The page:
THURSDAY, September 4th, at 8:00 pm
FRIDAY, September 5th, at 8:00 pm
SATURDAY, September 6th, at 8:00 pm
SUNDAY, September 7th, 2:00 pm

Get the original sheet music and check out these new lyrics by Tom Orr (used by permission):


She claims that fishnets just make her rejoice?
Blames cigarettes for her deep husky voice?
She puts the seat down when she gets the choice?
Yes, boys … The lady is a man!

Her looks are ideal … But look at those hands!
She walks in high heels … But watch how she stands!
Is that her camel toe … Or is it his glans?
Good chance … The lady is a man!

She fills each room with flowers in bloom
And too much perfume …
It’s cool!
She’s old school!
She hunts fresh chicken for her coq au vin?
Yes, folks … The lady is a man!

She thinks it’s tacky to not cause a scene!
She wears Bob Mackie in every routine!
Why be a princess, when she can be queen?
Come clean … The lady is a man!

“THE LADY IS A TRAMP” – By Richard Rodgers and Lorenz Hart. From “Babes In Arms”; arranged for piano and voice with guitar chords. 4 pages.


I am the very model of a modern homosexual:
I’m stylish, good at cooking, a good-looking intellectual!
At passing legislation, though, I’m largely ineffectual …
I’m sometimes into S&M, as long as it’s consensual!

I’m clever with the crudités, especially asparagus …
And I ignore republicans whenever they disparage us!
I think about adoption when I shop for baby carriages …
I live in San Francisco and I’m dreaming of gay marriages!

He lives in San Francisco and he’s dreaming of Gay Marriages! etc.

I decorate with tasteful sprays of flowers and dried ears of corn
And I would not be caught dead in an outfit I’ve already worn …
For esoteric sex acts that are highly unconventional,
I am the very model of a modern homosexual!

For esoteric sex acts that are highly unconventional,
He is the very model of a modern homosexual!

“MODERN MAJOR GENERAL” – from THE PIRATES OF PENZANCE (or The Slave Of Duty). Music by Sir Arthur Seymour Sullivan, lyrics by W.S. Gilbert. Vocal score. 213 pages.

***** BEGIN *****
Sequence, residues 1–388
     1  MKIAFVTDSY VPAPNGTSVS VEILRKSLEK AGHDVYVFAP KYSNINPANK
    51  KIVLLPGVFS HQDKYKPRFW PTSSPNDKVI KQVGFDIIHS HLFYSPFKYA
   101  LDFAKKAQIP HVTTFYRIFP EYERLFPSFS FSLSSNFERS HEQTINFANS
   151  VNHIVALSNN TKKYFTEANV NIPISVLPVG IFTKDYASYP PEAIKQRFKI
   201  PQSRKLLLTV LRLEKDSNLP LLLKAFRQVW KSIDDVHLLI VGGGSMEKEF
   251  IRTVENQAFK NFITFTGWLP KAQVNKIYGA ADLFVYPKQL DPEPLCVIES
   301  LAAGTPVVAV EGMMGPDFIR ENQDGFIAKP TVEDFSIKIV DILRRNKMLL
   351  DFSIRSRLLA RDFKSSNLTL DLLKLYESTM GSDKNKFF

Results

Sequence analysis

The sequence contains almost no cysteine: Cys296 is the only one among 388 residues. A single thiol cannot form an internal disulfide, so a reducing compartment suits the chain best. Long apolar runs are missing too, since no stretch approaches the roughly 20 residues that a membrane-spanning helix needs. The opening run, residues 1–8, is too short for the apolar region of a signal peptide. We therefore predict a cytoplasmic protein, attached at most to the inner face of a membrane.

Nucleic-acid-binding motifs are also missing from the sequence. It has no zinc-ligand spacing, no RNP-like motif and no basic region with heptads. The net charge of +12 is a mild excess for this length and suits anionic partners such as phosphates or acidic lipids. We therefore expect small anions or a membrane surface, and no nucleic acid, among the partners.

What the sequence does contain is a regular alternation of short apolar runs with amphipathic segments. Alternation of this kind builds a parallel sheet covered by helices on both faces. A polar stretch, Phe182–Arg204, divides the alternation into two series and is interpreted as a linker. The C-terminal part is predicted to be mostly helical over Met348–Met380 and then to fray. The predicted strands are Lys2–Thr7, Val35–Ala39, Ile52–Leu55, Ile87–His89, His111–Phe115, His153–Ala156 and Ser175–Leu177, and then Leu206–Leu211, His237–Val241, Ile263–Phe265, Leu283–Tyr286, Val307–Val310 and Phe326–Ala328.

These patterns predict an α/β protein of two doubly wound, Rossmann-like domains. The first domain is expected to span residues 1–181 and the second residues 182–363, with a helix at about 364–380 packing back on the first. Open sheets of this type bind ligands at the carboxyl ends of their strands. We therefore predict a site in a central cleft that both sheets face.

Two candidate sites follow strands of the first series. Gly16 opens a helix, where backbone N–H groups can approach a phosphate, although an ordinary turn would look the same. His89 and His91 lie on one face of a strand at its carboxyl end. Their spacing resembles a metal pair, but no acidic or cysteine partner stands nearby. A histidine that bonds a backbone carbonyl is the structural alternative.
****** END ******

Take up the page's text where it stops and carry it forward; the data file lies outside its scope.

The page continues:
Visit Seán on YouTube
Lorena Feijóo – A Look at “Giselle” with Seán Martinfield
SAMSON & DELILAH – Meet Seán Martinfield

For related articles and interviews:
OPENING NIGHT, September 5th – San Francisco Opera’s 86th Season
STAR WARS: THE CLONE WARS – More Lucas-Cloned Crap
CALIFORNIA ACADEMY OF SCIENCES – Opens Wednesday, September 27th
AT THE LEGION OF HONOR – The State Museums Of Berlin And The Legacy Of James Simon
OPENING NIGHT, September 5th – San Francisco Opera’s 86th Season
THE MIKADO – Opens 56th Season of The Lamplighters Music Theatre
BERNADETTE PETERS – A Triumph In San Francisco
THE DROWSY CHAPERONE – Now at San Francisco’s Orpheum Theatre
THOROUGHLY MODERN MILLIE – Now through July 27th at Broadway By The Bay
JENNIFER SIEBEL – A Conversation with Seán Martinfield
A CHORUS LINE – Returns to San Francisco’s Curran Theatre
VIVA TO THE DIVAS! – SF Opera Summer Season Concludes This Weekend
ARIODANTE – Cross-Dressing Goes Baroque – at SAN FRANCISCO OPERA
WOMEN IMPRESSIONISTS – At San Francisco’s Legion of Honor
TIMOTHY HORN – BITTER SUITE – A Sweet Tribute To Alma Spreckels
‘TIS PITY SHE’S A WHORE – At A.C.T through July 6th
60TH ANNIVERSARY CONCERT – San Francisco Boys Chorus celebrates at the War Memorial Opera House
LUCIA DI LAMMERMOOR – Bats it for FREE at AT&T Ballpark
ERIK BATZ – A Conversation With “The Scarecrow” At The Mountain Play
SAN FRANCISCO BALLET’S 2009 SEASON – Includes World Premiere of All-New Swan Lake by Helgi Tomasson
CHERYL BURKE DANCE – Dancing with Gavin and Jennifer
DALE CHIHULY – Lighting-Up At The de Young
ERIK BATZ – A Conversation With “The Scarecrow” At The Mountain Play
SAN FRANCISCO BALLET’S 2009 SEASON – Includes World Premiere of All-New Swan Lake by Helgi Tomasson
NORMA SHEARER in “MARIE ANTOINETTE” – At the Legion of Honor


Seán Martinfield is a native San Franciscan. He is a Theatre Arts Graduate from San Francisco State University, a professional singer, and well-known private vocal coach to Bay Area actors and singers of all ages and persuasions. His clients have appeared in Broadway National Tours including Wicked, Aïda, Miss Saigon, Rent, Bye Bye Birdie, in theatres and cabarets throughout the Bay Area, and are regularly featured in major City events including Diva Fest, Gay Pride, and Halloween In The Castro. As an Internet consultant in vocal development and audition preparation he has published thousands of responses to those seeking his advice concerning singing techniques, professional and academic auditions, and careers in the Performing Arts. Mr. Martinfield’s Broadway clients have all profited from his vocal methodology, “The Belter’s Method”, which is being prepared for publication. If you want answers about your vocal technique, post him a question on If you would like to build up your vocal performance chops and participate in the Bay Area’s rich theatrical scene, e-mail him at: